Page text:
Were he alive today, would Louis Pasteur still champion culture methods he pioneered over 150 years ago for identifying bacterial pathogens? Or, might he suggest that new molecular techniques may prove a better way forward for quickly detecting the true microbial diversity of wounds? As modern clinicians faced with treating complex patients with diabetic foot infections (DFI), should we still request venerated and familiar culture and sensitivity methods, or is it time to ask for newer molecular tests, such as 16S rRNA gene sequencing? Or, are molecular techniques as yet too experimental, non-specific and expensive for current clinical use? While molecular techniques help us to identify more microorganisms from a DFI, can they tell us 'who done it?', that is, which are the causative pathogens and which are merely colonizers? Furthermore, can molecular techniques provide clinically relevant, rapid information on the virulence of wound isolates and their antibiotic sensitivities? We herein review current knowledge on the microbiology of DFI, from standard culture methods to the current era of rapid and comprehensive 'crime scene investigation' (CSI) techniques.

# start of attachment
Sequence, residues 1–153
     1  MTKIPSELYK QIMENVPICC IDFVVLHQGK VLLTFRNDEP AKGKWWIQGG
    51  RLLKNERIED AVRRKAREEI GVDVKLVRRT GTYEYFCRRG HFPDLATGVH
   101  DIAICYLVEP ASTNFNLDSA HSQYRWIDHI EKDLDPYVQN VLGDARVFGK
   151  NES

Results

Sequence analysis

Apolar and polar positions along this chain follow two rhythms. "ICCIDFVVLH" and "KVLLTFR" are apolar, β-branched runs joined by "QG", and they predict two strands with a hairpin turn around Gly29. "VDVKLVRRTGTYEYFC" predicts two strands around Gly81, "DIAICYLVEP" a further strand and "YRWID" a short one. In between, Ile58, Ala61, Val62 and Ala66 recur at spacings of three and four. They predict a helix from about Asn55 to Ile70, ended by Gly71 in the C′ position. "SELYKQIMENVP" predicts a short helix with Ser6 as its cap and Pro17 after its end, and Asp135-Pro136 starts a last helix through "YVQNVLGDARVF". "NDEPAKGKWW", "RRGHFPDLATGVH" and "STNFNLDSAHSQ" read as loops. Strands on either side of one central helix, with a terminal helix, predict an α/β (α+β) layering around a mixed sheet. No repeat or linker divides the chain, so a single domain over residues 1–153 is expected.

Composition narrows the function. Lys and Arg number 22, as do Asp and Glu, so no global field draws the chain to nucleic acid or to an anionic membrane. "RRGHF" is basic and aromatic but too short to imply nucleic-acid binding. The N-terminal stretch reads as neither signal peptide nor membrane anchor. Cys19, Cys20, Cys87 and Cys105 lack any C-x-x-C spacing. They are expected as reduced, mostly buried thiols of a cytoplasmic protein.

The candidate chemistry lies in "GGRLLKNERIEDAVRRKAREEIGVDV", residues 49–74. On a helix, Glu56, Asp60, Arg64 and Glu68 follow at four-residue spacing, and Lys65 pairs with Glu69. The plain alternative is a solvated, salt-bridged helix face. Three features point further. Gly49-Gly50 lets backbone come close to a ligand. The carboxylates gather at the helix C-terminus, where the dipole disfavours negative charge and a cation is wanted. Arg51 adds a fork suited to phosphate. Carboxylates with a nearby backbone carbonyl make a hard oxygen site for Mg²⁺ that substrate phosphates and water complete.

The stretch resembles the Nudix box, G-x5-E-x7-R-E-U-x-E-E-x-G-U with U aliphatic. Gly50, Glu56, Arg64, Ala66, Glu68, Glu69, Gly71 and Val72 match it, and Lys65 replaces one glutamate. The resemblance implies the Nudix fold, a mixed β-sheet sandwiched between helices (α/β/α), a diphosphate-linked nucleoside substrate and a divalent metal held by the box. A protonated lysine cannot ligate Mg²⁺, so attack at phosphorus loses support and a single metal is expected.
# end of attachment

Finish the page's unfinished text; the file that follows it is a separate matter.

Watts, G. S., Youens-Clark, K., Slepian, M. J., Wolk, D. M., Oshiro, M. M., Metzger, G. S., Dhingra, D., Cranmer, L. D., & Hurwitz, B. L. (2017). 16S rRNA gene sequencing on a benchtop sequencer: accuracy for identification of clinically important bacteria. Journal of applied microbiology, 123(6), 1584-1596.

Test the choice of 16S rRNA gene amplicon and data analysis method on the accuracy of identification of clinically important bacteria utilizing a benchtop sequencer.

Hurwitz, B. L., Westveld, A. H., Brum, J. R., & Sullivan, M. B. (2014). Modeling ecological drivers in marine viral communities using comparative metagenomics and network analyses. Proceedings of the National Academy of Sciences of the United States of America, 111(29), 10714-9.